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Year-Round Screening of Noncommercial and Commercial Oysters for the Presence of Human Pathogenic Viruses

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Consumption of virus-contaminated shellfish has caused numerous outbreaks of gastroenteritis and hepatitis worldwide. In The Netherlands, oysters are cultured and imported both for consumption and export; therefore, the presence of noroviruses, rotaviruses, astroviruses, hepatitis A viruses, and enteroviruses was determined in 64 commercial and noncommercial oyster samples. Oysters were collected monthly for 13 months from four different harvesting areas in the Oosterschelde Delta. Oyster samples were classified by determining Escherichia coli levels according to the standards set by the Councils Directive (91/492/EEC). Two of 36 commercial and 2 of 28 noncommercial oyster samples were B-classified and therefore not ready for consumption. All other oyster samples were A-classified. For the detection of viral RNA, 150 mg of hepatopancreatic tissue was subjected to the Qiagen RNeasy Mini Kit, followed by reverse transcriptase (RT)–PCR and Southern blot hybridization. Enterovirus RNA was detected in 14 of 64 oyster samples, of which 4 were from noncommercial oyster harvesting areas and 10 were from commercial harvesting areas. None of the other human pathogenic viruses were detected. The levels of somatic coliphages and F-specific phages were also determined in all 64 oyster samples, with some samples containing high phage levels (>50 PFU/g of hepatopancreatic tissue), but with most samples containing low phage levels (<50 PFU/g of hepatopancreatic tissue). However, independent of these high or low phage levels, enterovirus RNA could be detected. Thus, commercial oysters can be contaminated with pathogenic viruses, and monitoring only fecal indicators might not sufficiently protect human health.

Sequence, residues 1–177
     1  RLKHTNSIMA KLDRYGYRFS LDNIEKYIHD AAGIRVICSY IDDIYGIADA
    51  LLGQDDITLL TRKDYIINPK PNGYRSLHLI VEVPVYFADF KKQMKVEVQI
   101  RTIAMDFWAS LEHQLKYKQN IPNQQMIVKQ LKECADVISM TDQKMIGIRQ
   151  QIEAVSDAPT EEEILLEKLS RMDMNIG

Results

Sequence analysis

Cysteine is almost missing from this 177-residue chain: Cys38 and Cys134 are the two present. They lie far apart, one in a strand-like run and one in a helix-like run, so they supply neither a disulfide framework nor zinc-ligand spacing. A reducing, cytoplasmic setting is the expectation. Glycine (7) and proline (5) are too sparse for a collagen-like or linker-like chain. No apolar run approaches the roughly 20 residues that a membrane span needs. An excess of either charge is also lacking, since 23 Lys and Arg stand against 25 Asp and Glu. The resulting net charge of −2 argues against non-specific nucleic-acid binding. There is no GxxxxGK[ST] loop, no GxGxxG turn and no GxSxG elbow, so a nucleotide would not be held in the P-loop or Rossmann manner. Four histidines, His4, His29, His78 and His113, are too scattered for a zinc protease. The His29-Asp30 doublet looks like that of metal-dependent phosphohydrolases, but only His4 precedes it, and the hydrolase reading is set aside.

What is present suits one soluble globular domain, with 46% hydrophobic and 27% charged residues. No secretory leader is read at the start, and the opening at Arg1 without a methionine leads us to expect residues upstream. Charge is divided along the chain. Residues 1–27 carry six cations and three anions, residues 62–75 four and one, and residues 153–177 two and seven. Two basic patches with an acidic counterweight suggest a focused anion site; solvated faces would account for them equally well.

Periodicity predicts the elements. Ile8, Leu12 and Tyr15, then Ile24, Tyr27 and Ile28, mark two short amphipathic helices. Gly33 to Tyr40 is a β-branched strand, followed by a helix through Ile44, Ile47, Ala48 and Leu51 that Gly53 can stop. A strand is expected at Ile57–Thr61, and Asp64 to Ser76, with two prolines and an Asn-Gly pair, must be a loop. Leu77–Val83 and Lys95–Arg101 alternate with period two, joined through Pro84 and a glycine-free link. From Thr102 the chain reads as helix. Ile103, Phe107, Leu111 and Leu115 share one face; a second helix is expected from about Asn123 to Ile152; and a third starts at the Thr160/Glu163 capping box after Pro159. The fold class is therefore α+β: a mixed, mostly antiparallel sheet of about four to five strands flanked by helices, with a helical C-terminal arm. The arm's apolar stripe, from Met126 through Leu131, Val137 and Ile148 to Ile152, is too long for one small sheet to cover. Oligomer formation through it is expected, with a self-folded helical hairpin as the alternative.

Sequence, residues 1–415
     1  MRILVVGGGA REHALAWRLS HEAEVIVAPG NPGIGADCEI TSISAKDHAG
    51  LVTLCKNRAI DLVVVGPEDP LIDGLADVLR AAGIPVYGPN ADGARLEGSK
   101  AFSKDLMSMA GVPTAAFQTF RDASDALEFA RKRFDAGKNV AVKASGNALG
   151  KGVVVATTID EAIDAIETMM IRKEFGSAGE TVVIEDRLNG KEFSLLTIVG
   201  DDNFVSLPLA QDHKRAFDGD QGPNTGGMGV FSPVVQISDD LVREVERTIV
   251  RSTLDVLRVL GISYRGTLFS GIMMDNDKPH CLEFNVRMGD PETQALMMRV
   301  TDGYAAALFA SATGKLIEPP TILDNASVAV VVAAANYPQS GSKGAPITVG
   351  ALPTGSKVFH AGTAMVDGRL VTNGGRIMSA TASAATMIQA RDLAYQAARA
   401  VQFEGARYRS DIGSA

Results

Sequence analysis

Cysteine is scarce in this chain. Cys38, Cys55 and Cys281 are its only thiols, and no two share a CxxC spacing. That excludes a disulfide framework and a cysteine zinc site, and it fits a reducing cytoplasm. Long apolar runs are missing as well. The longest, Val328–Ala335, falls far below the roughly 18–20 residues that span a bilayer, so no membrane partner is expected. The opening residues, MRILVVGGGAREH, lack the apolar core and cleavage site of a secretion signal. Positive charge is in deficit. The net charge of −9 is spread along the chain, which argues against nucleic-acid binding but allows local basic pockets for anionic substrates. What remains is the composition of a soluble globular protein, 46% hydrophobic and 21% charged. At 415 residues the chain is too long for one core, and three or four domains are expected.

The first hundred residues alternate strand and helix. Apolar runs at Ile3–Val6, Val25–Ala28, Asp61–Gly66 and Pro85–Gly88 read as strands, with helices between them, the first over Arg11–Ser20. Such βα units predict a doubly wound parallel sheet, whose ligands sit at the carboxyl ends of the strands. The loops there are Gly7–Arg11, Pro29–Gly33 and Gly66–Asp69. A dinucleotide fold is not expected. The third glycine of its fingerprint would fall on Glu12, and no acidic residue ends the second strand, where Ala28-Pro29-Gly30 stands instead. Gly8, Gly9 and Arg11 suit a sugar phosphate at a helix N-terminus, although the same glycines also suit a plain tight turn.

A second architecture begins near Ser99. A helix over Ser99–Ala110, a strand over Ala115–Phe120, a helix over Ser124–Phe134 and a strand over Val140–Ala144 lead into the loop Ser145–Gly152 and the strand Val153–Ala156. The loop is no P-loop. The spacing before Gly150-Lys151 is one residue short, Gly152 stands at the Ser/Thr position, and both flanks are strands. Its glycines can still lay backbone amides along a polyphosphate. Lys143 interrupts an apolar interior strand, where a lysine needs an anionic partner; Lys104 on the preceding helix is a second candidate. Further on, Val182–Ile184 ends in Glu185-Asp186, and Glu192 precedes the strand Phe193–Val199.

Document Type: Research Article

Affiliations: 1: National Institute for Public Health and the Environment (RIVM), Microbiological Laboratory for Health Protection, Antonie van Leeuwenhoeklaan 9, P.O. Box 1, 3720 BA Bilthoven, The Netherlands 2: Dutch Institute for Fishery Research (RIVO), Haringkade 1, P.O. Box 68, 1970 AB IJmuiden, the Netherlands

Publication date: September 1, 2005

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